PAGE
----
Or the time the Office of Economic Opportunity asked 36 high school dropouts for a list of the 10 people they trusted most. Of course Murray's name was on the list. The OEO had never heard of him but they invited him down to Washington. They thought they'd be nice to him and maybe he'd throw in a plug on his radio show. They never expected him to have any ideas of his own. "When these kids get into trouble, who do they talk to?" Murray told them. "They don't go to their parents. They don't go to their clergymen. They don't go to their teachers. They go to their best friends. They tell their best friends everything. We've got to get to their best friends."
Murray got the job of putting together a 60-minute OEO TV special, It's What's Happening, Baby, featuring a cast of rock stars he got together for free and a message directed against dropping out. One senator called the president of CBS during the program to say he was throwing up. Another senator called it immoral, lousy and double lousy. They hated Murray for that, too.
Pros fight hard and Murray is a pro. When you fight hard, you leave a lot of wounded. Murray the K with his dancing girls, with his wife, Jackie the K, with his Meyerzurray Language and his Listening Post and his sound effects and his mystery stories. Murray the K, the Fifth Beatle, and what did Brian Epstein, George Martin and John, Paul, George and Ringo have to say about that? Murray the K who played records like Little Richard's Tutti Fruti when nobody else dared to. Murray the K, who played The Yellow Rose of Texas 14 times in a row at different speeds. They hated him because he was an opportunist, they hated him because he was commercial, but most of all they hated him because he was different.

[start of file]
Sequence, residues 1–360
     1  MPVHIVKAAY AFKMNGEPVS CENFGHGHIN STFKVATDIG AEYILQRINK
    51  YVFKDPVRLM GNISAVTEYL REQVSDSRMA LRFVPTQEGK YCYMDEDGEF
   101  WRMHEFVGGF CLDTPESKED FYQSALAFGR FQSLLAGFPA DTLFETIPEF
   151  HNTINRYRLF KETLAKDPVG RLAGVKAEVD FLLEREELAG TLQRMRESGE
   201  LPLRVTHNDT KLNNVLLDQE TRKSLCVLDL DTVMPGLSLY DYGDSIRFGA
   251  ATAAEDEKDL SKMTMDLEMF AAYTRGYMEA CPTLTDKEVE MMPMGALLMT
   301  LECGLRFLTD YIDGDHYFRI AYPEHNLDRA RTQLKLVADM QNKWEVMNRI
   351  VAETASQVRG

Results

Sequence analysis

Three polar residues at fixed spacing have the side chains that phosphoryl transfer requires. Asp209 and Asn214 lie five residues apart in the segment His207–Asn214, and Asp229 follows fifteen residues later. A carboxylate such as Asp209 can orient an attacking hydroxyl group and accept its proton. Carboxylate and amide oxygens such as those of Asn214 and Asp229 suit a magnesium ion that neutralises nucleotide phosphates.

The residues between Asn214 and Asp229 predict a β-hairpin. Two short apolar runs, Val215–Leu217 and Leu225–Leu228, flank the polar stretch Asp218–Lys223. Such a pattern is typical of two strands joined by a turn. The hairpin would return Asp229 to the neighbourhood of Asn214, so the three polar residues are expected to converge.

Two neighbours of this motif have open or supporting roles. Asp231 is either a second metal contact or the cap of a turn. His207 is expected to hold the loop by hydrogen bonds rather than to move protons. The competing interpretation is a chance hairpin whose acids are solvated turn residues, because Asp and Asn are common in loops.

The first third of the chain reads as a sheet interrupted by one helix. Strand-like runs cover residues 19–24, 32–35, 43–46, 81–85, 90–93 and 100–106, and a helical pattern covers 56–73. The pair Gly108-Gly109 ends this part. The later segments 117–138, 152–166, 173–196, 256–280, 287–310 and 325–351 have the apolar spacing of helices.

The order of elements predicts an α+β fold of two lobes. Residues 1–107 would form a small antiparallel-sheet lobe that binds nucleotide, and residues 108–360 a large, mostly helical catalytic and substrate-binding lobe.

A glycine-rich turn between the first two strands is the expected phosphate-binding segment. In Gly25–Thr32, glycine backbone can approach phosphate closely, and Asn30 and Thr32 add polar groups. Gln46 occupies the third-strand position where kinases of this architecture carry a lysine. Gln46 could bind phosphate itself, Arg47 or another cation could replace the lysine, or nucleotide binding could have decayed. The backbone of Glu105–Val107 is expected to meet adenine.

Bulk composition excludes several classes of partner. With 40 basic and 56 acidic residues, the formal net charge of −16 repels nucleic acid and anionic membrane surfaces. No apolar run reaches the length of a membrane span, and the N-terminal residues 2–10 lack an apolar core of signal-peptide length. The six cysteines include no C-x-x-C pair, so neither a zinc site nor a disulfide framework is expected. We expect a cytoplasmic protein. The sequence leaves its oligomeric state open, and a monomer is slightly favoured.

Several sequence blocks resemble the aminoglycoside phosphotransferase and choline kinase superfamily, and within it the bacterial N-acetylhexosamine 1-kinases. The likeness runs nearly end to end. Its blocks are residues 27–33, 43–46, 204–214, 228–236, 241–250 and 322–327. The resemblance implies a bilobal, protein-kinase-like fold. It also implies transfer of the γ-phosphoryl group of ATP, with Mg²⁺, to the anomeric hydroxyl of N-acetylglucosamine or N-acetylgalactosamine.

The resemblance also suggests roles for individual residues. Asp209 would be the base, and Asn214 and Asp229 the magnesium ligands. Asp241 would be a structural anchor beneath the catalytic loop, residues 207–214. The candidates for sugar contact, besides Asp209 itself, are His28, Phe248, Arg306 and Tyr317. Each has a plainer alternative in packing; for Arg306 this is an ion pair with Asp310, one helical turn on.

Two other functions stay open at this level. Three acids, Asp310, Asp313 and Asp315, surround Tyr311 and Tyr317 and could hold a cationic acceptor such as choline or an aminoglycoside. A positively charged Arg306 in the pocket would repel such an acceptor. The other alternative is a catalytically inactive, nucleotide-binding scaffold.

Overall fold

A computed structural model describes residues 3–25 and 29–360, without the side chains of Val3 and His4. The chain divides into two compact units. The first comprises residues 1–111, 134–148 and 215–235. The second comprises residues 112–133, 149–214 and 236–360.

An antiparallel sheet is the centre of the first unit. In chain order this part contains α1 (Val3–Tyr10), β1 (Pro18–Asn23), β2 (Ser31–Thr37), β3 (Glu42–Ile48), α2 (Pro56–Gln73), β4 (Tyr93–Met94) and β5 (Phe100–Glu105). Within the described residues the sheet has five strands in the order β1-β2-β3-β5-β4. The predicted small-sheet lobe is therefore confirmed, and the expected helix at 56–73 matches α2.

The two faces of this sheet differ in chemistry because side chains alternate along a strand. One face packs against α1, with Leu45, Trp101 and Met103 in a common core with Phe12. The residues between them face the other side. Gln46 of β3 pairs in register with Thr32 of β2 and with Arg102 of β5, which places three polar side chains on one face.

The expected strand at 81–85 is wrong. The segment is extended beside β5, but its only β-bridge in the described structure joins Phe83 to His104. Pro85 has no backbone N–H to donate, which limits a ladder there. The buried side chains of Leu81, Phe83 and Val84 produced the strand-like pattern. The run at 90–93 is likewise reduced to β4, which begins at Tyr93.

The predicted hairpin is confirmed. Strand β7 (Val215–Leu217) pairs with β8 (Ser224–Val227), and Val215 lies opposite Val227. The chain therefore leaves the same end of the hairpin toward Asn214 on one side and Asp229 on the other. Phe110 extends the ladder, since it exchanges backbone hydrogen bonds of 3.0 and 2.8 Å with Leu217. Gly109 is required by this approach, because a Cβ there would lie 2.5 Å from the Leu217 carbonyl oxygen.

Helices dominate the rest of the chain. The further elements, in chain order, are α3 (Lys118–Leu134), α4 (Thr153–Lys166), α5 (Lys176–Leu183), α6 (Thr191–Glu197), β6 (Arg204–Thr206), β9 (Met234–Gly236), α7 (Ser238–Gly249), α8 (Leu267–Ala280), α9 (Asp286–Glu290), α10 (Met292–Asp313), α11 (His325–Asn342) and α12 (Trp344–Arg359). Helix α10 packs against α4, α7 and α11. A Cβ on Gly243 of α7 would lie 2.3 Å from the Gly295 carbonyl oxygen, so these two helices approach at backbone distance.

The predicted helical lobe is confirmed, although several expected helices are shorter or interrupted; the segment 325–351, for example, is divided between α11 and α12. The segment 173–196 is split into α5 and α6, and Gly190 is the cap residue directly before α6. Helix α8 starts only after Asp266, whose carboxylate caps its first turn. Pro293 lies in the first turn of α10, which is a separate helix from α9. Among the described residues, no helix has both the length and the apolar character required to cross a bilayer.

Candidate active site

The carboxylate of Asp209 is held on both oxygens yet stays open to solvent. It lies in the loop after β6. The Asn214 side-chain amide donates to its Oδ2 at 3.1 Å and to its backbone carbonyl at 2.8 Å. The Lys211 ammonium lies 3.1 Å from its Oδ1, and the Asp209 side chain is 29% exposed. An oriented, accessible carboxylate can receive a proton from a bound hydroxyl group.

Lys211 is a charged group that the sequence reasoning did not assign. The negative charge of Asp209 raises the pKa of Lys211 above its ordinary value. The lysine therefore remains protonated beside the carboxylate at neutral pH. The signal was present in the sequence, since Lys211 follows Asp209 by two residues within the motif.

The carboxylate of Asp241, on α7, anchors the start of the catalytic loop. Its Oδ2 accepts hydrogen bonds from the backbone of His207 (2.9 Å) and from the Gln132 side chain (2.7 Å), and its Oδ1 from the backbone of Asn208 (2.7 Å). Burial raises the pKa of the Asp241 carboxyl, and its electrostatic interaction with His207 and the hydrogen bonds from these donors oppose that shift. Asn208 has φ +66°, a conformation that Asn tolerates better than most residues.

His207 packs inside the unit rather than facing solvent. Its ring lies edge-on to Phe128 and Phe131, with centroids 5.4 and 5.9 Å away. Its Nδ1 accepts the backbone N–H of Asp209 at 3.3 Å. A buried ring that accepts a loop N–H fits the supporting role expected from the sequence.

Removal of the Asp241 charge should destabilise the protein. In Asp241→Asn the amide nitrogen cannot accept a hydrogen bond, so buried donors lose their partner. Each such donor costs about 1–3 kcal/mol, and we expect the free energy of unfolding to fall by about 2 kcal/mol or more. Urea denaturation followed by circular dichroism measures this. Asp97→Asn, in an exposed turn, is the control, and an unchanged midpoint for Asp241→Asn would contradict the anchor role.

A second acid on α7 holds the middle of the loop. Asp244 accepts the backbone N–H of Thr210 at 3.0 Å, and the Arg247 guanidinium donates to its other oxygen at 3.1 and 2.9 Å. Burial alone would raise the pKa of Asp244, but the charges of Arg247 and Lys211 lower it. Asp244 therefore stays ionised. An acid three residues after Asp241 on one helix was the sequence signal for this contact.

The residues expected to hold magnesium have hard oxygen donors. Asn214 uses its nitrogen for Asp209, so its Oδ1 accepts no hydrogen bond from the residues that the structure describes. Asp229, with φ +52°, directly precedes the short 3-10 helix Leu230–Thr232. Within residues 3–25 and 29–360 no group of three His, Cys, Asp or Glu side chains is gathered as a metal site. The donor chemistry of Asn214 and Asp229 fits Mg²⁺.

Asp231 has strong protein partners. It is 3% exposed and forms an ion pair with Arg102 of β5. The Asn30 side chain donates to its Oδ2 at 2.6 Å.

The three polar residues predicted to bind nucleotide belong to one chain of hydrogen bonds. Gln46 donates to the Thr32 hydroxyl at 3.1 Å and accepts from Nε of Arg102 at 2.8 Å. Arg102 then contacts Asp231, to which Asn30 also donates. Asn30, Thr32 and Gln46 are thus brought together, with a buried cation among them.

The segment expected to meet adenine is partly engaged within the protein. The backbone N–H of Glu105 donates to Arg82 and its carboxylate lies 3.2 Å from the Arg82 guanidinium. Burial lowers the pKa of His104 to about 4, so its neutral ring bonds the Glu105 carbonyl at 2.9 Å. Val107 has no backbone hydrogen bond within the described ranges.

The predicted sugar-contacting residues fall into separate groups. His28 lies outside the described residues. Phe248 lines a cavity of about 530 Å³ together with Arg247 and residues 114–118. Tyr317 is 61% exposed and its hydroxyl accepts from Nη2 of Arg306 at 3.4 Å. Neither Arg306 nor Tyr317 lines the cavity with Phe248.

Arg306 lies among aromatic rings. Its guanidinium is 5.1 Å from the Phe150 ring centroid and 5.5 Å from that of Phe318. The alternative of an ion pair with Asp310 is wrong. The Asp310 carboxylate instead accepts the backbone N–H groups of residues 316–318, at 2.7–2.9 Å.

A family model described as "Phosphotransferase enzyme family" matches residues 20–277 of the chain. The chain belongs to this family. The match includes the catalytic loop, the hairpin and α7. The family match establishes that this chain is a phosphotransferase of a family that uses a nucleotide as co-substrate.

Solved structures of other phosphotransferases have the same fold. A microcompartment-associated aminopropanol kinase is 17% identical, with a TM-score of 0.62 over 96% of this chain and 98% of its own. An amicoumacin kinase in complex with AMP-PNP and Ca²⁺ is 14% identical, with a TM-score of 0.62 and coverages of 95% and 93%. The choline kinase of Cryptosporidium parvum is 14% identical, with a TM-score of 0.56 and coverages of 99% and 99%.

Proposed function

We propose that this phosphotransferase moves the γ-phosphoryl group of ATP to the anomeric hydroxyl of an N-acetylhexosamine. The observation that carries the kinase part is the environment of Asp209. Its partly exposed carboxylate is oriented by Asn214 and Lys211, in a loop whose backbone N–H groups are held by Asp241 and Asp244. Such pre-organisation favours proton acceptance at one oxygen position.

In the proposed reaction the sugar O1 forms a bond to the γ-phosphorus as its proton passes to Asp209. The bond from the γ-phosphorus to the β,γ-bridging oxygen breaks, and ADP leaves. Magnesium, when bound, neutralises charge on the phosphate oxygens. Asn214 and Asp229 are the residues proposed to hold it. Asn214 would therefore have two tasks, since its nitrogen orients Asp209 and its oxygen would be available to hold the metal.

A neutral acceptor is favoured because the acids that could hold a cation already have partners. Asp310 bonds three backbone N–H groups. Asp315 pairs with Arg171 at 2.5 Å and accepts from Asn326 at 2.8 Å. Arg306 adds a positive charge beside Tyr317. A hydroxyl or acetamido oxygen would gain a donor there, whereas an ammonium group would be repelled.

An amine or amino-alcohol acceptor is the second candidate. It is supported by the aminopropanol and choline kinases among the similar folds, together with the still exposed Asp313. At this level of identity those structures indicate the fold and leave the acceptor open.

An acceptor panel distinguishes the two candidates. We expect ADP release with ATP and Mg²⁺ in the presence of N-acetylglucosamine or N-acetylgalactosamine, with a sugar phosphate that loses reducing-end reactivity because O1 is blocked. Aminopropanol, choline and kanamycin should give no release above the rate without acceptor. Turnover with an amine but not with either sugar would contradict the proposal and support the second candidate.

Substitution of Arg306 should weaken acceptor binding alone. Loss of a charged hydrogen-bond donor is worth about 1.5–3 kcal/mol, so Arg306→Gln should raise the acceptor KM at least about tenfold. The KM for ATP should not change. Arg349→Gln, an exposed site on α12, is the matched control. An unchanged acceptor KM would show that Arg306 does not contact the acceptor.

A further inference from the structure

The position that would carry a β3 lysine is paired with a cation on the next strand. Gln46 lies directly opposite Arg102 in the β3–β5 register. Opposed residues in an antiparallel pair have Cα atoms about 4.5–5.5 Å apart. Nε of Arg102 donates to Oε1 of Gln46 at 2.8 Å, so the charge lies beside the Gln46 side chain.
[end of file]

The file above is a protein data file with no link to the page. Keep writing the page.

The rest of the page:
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I wrote what you've just read as the first of a series of columns about Murray the K in 1971, when I found him forgotten in self-exile in Washington, D.C., where I, too, was later to be forgotten in self-exile. He was living with an ex-cover girl named Judy Black, who charmed me into being depressed that I didn't have whatever it was that Murray had, but then Murray was famous for his squeezes. They hated him for that, too. I remember the first American Beatles tour back in 1964, when getting in to see the Fab Four was as easy as giving a hotfoot to the Pope. The Beatles were renting half a floor at the Deauville Hotel in Miami Beach, with fans trying to climb up through ventilator shafts, and when Murray emerged from the elevator with two dream foxes, Paul McCartney had to rescue him from being kicked back downstairs by the Nobody-But-NOBODY-Gets-In-Here Squad. I was standing with Brian Epstein as Paul ushered Murray and the two ladies into his room and then closed the door on them so he could say to Brian, "Tell them Murray's alright---he always brings the best birds."
To find out what happens next... Read Al Aronowitz's book "Bob Dylan And The Beatles, Volume One of the Best of the Blacklisted Journalist".
LISTENING TO BOB DYLAN AND THE BEATLES, PEOPLE WILL WANT THIS BOOK!
the man who introduced Allen Ginsberg to Bob Dylan, Bob Dylan to the Beatles and
the Beatles to marijuana, Aronowitz---acclaimed as the "Godfather of rock
journalism"---has been known to boast: "The '60s wouldn't have been
the same without me."
NEXT: HANGING OUT WITH BOB DYLAN AND THE BEATLES